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I haven’t had much to say lately (now there’s a first!)  I’ve been busy trying to catch up at my office, which was closed for two weeks.  And I assume many of my readers are busy with their work and, sadly for some, cleaning up and repairing the damage to their houses and businesses.

But mostly it’s just that the stuff I generally write about seems kind of trivial in light of the catastrophe that has befallen us.

I must say it’s been gratifying but not surprising to see the enormous outpouring of charity and volunteerism in the aftermath of the storm.  For me it gives lie to the notion that we would not take care of each other without the government forcing us to.  I’ve seen almost everyone I know helping out friends and strangers in one way or another, many for several long days on end.  We are also grateful for all the volunteers who come in from all over the state, and even from other states, to help us.  And Jennifer Nicolay has been very effective at organizing the volunteer efforts.

I have to mention that by all outward appearances the mayor, too, seems to be doing a very good job dealing with the emergency.  I would have preferred that we entered into this calamity without such a large debt, much of it for spending on projects that I opposed, and I was dismayed to hear Matt threaten to prosecute “price gougers” even though rising prices are necessary to conserve scarce resources for where they are needed most and to induce suppliers to go through the extra effort and expense to relieve the shortage.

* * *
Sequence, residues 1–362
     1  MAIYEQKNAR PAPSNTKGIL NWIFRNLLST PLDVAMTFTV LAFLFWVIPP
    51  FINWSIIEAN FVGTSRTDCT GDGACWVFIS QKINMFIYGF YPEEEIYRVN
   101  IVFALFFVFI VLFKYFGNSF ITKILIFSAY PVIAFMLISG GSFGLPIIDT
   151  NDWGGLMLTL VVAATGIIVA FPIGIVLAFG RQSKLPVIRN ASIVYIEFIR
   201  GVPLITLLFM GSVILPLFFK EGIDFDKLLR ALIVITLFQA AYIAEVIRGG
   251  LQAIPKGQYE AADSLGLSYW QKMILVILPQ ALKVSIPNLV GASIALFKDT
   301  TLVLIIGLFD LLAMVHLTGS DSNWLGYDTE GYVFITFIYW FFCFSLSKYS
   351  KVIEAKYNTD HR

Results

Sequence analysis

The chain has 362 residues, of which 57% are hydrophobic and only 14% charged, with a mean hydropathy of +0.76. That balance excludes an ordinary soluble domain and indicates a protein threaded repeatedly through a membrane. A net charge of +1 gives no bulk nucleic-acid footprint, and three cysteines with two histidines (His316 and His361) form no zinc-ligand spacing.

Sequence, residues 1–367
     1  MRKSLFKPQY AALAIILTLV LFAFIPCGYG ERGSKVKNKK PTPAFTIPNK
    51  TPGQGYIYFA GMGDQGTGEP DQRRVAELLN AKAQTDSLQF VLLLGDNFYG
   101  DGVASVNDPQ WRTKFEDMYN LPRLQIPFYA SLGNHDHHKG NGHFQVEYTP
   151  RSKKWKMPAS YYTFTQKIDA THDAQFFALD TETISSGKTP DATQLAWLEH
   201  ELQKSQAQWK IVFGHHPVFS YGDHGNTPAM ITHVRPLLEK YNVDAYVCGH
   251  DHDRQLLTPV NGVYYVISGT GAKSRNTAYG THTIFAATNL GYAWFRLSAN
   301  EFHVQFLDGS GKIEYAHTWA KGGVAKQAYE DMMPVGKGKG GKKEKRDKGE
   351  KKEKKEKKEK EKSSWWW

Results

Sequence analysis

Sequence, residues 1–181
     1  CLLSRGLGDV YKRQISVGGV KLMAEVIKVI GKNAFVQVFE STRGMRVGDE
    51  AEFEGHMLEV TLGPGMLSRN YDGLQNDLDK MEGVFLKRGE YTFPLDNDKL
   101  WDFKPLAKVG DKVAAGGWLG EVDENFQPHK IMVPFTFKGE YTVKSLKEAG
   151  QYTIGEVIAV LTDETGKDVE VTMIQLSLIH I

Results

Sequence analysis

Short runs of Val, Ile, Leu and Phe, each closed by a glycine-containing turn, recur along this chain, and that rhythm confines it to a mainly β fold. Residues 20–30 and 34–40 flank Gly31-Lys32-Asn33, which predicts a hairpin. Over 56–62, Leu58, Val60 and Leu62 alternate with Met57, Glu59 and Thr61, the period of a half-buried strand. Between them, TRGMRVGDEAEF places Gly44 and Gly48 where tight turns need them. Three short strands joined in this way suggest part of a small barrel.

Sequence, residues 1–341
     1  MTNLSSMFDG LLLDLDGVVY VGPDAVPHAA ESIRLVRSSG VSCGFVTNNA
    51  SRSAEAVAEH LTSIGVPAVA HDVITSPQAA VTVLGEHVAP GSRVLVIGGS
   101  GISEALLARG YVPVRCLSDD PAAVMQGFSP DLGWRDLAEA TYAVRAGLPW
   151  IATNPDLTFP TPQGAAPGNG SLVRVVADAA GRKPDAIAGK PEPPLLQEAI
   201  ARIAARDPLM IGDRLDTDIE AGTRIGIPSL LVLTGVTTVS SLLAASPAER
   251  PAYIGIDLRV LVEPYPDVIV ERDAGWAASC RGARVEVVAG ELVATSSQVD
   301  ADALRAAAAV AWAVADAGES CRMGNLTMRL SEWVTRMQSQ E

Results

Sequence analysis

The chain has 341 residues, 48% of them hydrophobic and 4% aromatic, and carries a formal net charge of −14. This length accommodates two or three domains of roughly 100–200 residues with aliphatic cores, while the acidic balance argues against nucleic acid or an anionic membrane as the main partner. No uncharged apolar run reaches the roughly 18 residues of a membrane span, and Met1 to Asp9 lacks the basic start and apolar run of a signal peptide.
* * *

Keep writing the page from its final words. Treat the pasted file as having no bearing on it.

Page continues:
Politicians never seem to understand that if they use force to suppress prices (like with gas) there will be shortages and if they use force to push prices up (such as with the housing market) there will be gluts.  The anti-gouging law is also a denial of the right to contract that both parties in the transaction should enjoy without government interference.  I guess though it’s bad economics and bad law, it’s good politics and that’s all that really matters in the end.  I must add though that it was good of Matt to offer to have contracts reviewed and to have someone from the town advise if it is a fair price, but force should never be used unless there is actual fraud involved.

Overall it must be recognized that a tremendous burden has been placed on our mayor’s shoulders.  Although I can not generally be counted as one of his most ardent supporters, I have to say that at least so far from what I see he has borne that burden pretty well.  But I’ll be watching.

One Comment

  1. Tom Burke wrote:

    In my humble opinion, one of your best presentations.

    Thursday, November 15, 2012 at 5:32 am | Permalink

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